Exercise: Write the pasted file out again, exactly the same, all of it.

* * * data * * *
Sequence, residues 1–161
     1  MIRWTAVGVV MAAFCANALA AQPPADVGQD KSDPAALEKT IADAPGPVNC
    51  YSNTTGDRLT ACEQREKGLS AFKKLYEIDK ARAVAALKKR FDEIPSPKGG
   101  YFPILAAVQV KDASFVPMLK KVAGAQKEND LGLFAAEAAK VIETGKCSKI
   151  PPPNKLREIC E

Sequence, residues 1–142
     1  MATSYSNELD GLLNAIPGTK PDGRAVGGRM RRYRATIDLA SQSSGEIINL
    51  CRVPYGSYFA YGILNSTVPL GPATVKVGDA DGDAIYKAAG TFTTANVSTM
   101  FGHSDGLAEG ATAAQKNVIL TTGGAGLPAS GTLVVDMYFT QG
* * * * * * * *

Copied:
Sequence, residues 1–161
     1  MIRWTAVGVV MAAFCANALA AQPPADVGQD KSDPAALEKT IADAPGPVNC
    51  YSNTTGDRLT ACEQREKGLS AFKKLYEIDK ARAVAALKKR FDEIPSPKGG
   101  YFPILAAVQV KDASFVPMLK KVAGAQKEND LGLFAAEAAK VIETGKCSKI
   151  PPPNKLREIC E

Sequence, residues 1–142
     1  MATSYSNELD GLLNAIPGTK PDGRAVGGRM RRYRATIDLA SQSSGEIINL
    51  CRVPYGSYFA YGILNSTVPL GPATVKVGDA DGDAIYKAAG TFTTANVSTM
   101  FGHSDGLAEG ATAAQKNVIL TTGGAGLPAS GTLVVDMYFT QG